A native of Rhode Island, Aaron Beck had an early interest in psychology. After graduating from Brown University, he embarked on a career in medicine at Yale University with the intention of specializing in psychiatry. Dissatisfied with classical psychoanalysis, he turned to modified psychoanalytic approaches and was particularly influenced by ego psychology advanced by Rapaport. Ego psychology directed his interest in cognition, and over time Beck abandoned the psychoanalytic framework and formulated his own cognitive theory-behavior therapy for patients with depression and other psychiatric disorders. He developed numerous measurement scales, including the Beck Depression Inventory, the Beck Hopelessness Scale, and the Self-Concept Test, which are widely used as diagnostic and research tools in the field. Beck continues to teach, consult, and write about the use of cognitive therapy in treating emotional disorders and other problems.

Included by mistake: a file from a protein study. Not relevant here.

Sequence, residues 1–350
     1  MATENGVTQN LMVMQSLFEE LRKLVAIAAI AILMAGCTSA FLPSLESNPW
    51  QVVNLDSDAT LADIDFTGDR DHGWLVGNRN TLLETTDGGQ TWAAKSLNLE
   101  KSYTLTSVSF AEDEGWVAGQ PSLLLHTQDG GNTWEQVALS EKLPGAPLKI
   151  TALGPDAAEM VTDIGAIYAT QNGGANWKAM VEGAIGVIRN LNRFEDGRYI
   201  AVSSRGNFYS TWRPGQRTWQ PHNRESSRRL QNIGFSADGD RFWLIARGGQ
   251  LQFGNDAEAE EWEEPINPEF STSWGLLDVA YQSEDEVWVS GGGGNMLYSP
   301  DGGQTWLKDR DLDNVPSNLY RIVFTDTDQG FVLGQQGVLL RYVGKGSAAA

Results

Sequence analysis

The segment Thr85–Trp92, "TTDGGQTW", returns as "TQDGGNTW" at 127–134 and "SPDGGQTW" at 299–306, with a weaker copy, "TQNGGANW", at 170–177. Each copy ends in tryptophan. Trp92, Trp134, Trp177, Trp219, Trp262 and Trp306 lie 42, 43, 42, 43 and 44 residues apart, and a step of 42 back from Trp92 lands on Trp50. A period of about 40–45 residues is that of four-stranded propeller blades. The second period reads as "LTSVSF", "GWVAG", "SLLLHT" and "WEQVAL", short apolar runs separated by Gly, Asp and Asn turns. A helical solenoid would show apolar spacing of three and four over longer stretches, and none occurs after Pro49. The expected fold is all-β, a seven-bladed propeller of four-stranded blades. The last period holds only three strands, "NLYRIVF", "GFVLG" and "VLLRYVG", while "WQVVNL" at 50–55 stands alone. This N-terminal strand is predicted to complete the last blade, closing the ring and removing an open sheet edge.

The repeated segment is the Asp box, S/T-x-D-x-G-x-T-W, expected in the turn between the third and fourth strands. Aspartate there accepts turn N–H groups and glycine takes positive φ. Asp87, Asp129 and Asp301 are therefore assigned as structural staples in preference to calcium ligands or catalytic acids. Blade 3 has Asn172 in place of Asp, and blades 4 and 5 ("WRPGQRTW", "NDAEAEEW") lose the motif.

Aaron T. Beck, MD,is University Professor of Psychiatry at the University of Pennsylvania and President of the Beck Institute for Cognitive Therapy. He has authored more than 500 publications and has received numerous honors from professional and scientific organizations, including "America's Nobel," the Lasker Clinical Medical Research Award. Dr. Beck has worked extensively with personality disorders and has been an investigator on two studies using cognitive therapy with borderline personality disorder. nbsp; Arthur Freeman, EdD, ABPP, ACT,is Visiting Professor at Governors State University, University Park, Illinois, and Clinical Professor at the Philadelphia College of Osteopathic Medicine. He has been the president of the Association for Advancement of Behavior Therapy and of the International Association for Cognitive Psychotherapy. He is a Distinguished Founding Fellow of the Academy of Cognitive Therapy and has earned diplomates in Clinical Psychology, Behavioral Psychology, and Family Psychology from the American Board of Professional Psychology. Dr. Freeman’s research and clinical interests include marital and family therapy, and cognitive-behavioral treatment of depression, anxiety, and personality disorders. nbsp; Denise D. Davis, PhD,is a Founding Fellow of the Academy of Cognitive Therapy and has collaborated with Drs. Beck and Freeman and other associates of the Beck Center since completing an extramural postdoctoral fellowship there in 1984. A contributor to the first edition of this volume as well as to numerous other chapters, articles, and workshops on cognitive therapy, Dr. Davis was a founding editor of the journalCognitive and Behavioral Practice. She currently serves as Assistant Director of Clinical Training in Psychology at Vanderbilt University and has also maintained an independent practice of cognitive therapy for 20 years.